"Or a wife," agreed Ganti. "Here!"
The style of the narrative might have been freer, and greater space might have been allotted to reflections on the inner connection of the whole subject, if I had had before me better preliminary studies in the history of botany; but as things are, I have found myself especially occupied in ascertaining questions of historical fact, in distinguishing true merit from undeserved reputation, in searching out the first beginnings of fruitful thoughts and observing their development, and in more than one case in producing lengthy refutations of wide-spread errors. These things could not be done within the allotted space without a certain dryness of style and manner, and I have often been obliged to content myself with passing allusions where detailed explanation might have been desired.
Within two hours a fleet of six steam-copters came driving across the sea. They swept over the island. They looked. They saw Jorgenson and Ganti—naked man and naked Thrid—glaring up at them. They saw nothing else. There was nothing else to see.
that Leila had again gone off with the children. She had: she had been gone a week, and had just sent a letter to her husband saying that she was sailing from Montreal with the little girl. The boys would be sent back to Groton with a trusted servant. She would add nothing more, as she did not wish to reflect unkindly on what his own family agreed with her in thinking an act of ill-advised generosity. He knew that she was worn out by the strain he had imposed on her, and would understand her wishing to get away for a while....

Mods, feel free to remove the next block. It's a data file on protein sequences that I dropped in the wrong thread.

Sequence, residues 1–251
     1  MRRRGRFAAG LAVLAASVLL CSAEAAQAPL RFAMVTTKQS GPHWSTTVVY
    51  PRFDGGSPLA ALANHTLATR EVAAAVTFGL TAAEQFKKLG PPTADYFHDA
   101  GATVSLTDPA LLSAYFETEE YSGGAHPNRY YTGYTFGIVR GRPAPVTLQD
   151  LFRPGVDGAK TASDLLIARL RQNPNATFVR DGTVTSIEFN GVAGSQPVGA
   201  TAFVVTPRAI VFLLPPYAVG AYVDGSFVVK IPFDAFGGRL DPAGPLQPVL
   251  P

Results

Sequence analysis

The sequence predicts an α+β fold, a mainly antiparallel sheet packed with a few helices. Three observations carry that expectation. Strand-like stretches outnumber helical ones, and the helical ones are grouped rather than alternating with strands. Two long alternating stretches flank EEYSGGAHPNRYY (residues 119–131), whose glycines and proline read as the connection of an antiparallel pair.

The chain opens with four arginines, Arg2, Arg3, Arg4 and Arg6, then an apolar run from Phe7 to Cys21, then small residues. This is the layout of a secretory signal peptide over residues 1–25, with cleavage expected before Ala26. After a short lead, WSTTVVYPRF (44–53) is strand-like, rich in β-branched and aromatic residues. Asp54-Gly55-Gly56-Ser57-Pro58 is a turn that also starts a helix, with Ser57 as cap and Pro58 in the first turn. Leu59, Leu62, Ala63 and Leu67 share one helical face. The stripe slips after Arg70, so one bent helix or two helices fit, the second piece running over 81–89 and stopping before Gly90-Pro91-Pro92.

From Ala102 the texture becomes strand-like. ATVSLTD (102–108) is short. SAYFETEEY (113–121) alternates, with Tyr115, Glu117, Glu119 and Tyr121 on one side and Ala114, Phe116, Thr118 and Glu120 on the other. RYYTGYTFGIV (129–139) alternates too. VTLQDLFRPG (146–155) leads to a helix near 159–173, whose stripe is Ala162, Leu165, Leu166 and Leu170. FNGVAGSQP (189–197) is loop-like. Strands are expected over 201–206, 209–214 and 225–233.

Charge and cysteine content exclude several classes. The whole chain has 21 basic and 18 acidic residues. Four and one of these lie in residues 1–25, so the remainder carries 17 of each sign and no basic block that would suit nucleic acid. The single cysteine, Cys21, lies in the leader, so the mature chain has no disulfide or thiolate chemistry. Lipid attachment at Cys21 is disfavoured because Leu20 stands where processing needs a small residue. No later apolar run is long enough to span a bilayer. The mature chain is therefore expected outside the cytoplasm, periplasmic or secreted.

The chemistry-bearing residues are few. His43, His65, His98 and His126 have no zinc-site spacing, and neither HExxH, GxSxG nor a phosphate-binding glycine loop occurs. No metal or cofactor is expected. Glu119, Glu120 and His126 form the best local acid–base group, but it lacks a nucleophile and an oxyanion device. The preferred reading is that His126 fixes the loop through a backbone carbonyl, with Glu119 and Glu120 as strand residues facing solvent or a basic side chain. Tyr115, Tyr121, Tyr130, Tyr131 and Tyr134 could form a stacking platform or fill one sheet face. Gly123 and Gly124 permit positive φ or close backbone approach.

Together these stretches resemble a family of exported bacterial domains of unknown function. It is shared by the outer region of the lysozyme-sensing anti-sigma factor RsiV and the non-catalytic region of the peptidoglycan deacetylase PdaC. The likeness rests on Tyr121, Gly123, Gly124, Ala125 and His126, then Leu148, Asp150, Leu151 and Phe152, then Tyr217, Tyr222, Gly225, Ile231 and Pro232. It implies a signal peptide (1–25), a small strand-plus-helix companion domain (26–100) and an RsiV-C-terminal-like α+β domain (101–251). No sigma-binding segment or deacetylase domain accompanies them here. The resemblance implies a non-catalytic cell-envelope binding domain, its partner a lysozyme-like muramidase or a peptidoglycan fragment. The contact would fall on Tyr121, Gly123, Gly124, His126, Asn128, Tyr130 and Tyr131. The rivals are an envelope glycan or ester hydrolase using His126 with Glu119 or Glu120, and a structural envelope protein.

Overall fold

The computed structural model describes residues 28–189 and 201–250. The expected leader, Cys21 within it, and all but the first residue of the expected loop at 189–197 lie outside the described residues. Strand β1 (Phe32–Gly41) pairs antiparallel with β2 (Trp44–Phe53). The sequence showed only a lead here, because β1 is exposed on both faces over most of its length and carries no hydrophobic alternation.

. . . . . . . .
He stopped and waved his hand vaguely in the direction of a typewriter, smothered in documents.
Shi-loh, a small log church, was on a ridge a few miles back from Pitts-burg Land-ing. The troops that were to be put in front had their lines drawn up to face the Cor-inth road, for by that route the foe must come. Gen. Sher-man had charge of the men on that line.
“An interesting man, a curious man,” said I, “but great? Only G. H. Mair, Willie Yeats and high school girls think Synge great, Houghton.”
"Chin up, Georges," Retief said. "We'll take up the goat problem along with the rest."
Mrs. Greaves's pleasant, freckled face was sad. She had been through such family partings herself, her own two robust little boys were at home, dedicated in the future to the Army and the Navy, and she sympathised with the husband and wife, neither of whom was very stout-hearted. Ellen Munro was her most intimate friend; it was a curious kind of friendship, based chiefly upon the fact that the two were old schoolfellows, and also distant connections. This had drawn them more closely together when they found themselves in the same station. But in character, as well as in looks, they were different--Marion Greaves being a sound and sensible little English memsahib, full of energy and common sense, with curling chestnut hair and a freckled skin that had earned her the good-natured nickname in the
Würzburg, March 24, 1889.
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